All the odds are, they're in my favor
Something's bound to begin
It's got to happen, happen sometime
Maybe this time I'll win
An excerpt from one of Cabaret's most recognizable tunes, these lyrics might also stand in as a testament to the Indianapolis Symphony Orchestra's durability and adaptability in trying financial times. Those have been well documented to date, and yet the ISO presses on, putting together timely, world-class performances such as On Broadway with Kander & Ebb, its premiere two-night run of a show set to tour the East Coast soon enough.
John Kander and Fred Ebb—composer and lyricist, respectively—wrote more musicals than did Richard Rodgers and Oscar Hammerstein or even Steven Sondheim "and all his personalities," a fact that conductor Jack Everly, always a pillar of class and panache, duly noted to his audience on Friday night. Appearing with Everly and the ISO were five Broadway stars boasting 30 show credits among them.
In short, this world premiere did not disappoint. Beth Leavel, a Tony Award winner for The Drowsy Chaperone, commanded every song she took on, moving fluidly among touchingly romantic and randy, handsy numbers, from "Married" with Ted Keegan to the playful raunch of "Everybody's Girl" from Steel Pier.
Keegan himself, well acquainted with The Phantom of the Opera's lead role, amusingly feigned panic at the sight of a chandelier at the Hilbert Circle Theatre at the start before tackling big-voice solos more than capably, including "Mr. Cellophane" from Chicago, to which he gave a bit less self-deprecating treatment while delivering the night's biggest note (with breath to spare, at that).
The show began with Nick Adams, the 30-years-young actor-dancer-singer with a huge smile and rippling biceps. (Does the man have legs for arms?) In a role and song seemingly written for his charm and Cheshire-like grin, he followed the ISO's overture with Cabaret's "Willkommen" and a wry explainer of what was about to transpire over the next hour and 45 minutes.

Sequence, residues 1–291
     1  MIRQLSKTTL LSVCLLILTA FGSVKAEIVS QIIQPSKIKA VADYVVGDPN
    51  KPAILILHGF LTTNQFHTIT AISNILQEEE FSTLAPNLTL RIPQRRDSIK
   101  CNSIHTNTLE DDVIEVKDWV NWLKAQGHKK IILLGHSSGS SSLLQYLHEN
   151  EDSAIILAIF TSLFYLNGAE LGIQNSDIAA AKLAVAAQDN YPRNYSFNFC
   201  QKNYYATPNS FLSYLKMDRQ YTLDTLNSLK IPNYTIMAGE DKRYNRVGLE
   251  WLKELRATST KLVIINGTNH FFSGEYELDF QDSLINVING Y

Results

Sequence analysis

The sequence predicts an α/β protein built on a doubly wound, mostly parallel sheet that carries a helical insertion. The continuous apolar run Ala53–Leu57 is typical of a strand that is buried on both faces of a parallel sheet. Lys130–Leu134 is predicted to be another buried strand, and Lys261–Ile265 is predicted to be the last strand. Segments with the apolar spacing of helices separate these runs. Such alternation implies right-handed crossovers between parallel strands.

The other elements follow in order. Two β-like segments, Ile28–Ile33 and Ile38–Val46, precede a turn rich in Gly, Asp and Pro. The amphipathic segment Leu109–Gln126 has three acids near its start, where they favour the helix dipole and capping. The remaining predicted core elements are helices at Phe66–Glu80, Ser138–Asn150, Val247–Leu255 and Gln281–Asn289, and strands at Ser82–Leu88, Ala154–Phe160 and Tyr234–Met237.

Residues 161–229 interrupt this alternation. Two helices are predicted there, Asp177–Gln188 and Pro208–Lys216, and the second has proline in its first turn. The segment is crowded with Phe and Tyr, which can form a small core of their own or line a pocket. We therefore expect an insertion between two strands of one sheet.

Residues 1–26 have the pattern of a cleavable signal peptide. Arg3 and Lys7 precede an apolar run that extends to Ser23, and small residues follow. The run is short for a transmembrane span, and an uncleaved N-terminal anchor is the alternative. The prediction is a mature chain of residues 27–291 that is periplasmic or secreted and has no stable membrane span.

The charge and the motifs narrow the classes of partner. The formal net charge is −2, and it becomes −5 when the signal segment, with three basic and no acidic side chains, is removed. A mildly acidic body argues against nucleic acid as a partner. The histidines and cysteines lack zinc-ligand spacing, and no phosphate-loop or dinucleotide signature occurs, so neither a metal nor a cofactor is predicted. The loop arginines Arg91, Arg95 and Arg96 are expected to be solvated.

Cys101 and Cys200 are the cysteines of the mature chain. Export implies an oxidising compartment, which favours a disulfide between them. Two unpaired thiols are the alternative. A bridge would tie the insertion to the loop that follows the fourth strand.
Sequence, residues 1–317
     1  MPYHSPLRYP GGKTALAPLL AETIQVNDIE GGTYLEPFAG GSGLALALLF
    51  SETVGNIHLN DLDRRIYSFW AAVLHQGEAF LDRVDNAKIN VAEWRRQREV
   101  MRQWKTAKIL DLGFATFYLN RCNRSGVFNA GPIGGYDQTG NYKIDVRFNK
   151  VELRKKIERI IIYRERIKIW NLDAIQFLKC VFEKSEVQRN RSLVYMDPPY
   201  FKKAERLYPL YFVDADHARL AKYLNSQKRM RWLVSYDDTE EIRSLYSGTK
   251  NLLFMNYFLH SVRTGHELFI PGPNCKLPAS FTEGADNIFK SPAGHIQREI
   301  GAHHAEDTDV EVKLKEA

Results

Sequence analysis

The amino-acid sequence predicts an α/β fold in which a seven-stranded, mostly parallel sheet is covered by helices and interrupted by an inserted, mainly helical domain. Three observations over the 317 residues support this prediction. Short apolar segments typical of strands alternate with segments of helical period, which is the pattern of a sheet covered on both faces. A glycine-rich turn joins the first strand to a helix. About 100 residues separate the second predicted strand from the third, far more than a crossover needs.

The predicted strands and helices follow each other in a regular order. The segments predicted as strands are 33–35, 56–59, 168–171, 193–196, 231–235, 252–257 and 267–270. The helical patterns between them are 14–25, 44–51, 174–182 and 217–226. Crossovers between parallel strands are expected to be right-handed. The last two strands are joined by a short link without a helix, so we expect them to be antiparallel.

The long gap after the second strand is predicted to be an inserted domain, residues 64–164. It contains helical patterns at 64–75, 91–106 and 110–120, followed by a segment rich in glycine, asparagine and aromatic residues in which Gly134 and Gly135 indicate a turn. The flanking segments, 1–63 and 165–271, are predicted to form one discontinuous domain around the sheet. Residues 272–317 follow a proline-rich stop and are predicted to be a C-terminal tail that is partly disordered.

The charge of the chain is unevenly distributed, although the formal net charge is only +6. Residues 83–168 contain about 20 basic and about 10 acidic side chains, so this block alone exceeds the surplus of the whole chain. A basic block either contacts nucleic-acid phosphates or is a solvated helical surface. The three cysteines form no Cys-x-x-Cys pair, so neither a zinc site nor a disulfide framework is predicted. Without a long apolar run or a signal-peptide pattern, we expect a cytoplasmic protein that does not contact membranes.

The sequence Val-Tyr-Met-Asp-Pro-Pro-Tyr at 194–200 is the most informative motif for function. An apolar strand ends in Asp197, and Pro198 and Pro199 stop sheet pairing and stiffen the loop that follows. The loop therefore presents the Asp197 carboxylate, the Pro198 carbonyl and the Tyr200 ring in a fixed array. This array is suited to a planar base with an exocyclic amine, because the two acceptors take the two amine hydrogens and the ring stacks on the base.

Highlights included Jessica Rush and Nikki Renée Daniels dueting on Cabaret's "Maybe This Time" (lyrics above, of course); Keegan's take on Kiss of the Spider Woman's eponymous number; and the surprising, delightful Act-Two opener that saw Leavel, Adams, Rush, and a talented team of dancers having their way with The Act's "City Lights," a song that Kander and Ebb wrote with muse Liza Minnelli in mind. A few times over the course of the night, Leavel handled Minnelli originals or star-making turns with aplomb and a knowing wink. This woman is Broadway.
The entire cast took part in Chicago's "Razzle Dazzle," a song this writer has never much cared for but enjoyed more than any previous performance (on stage or screen) on this night. Keegan led, with Adams as wingman and the trio of Leavel, Daniels, and Rush (perfect for the role of Roxie Hart) providing all the requisite moxie, and then some. Showgoers giggled with anticipation as Leaval launched into "When You're Good to Mama," owning its bravado and unsubtle sexuality.
Costumer Clare Henkel, an Indianapolis native now based in Boulder, Colo., supervised an array of beautiful designs for the cast, including gorgeous purple and lavender looks for Daniels' gowns and a stunning champagne-colored dress that made Rush shine. This coupled with a tantalizing stage design made for fantastic nonverbal tones amidst all the words and melodies.
If there were a couple shortcomings, they were remedied speedily. The mics for Daniels and Rush were turned down a bit too low for "Maybe This Time," and Keegan's piercing voice seemed to be the only one not overpowered at one time or another by the ISO's sound.
This show has one more performance tonight before traveling out of state, and you'd be wise to see it. What's more, the ISO has new (read: wider) seats. Thou shalt be comfortable, and thou shalt be entertained.
On Broadway with Kander and Ebb. Hilbert Circle Theatre, 45 Monument Circle. Oct. 5, 8 p.m. Tickets and more information available at www.indianapolissymphony.org.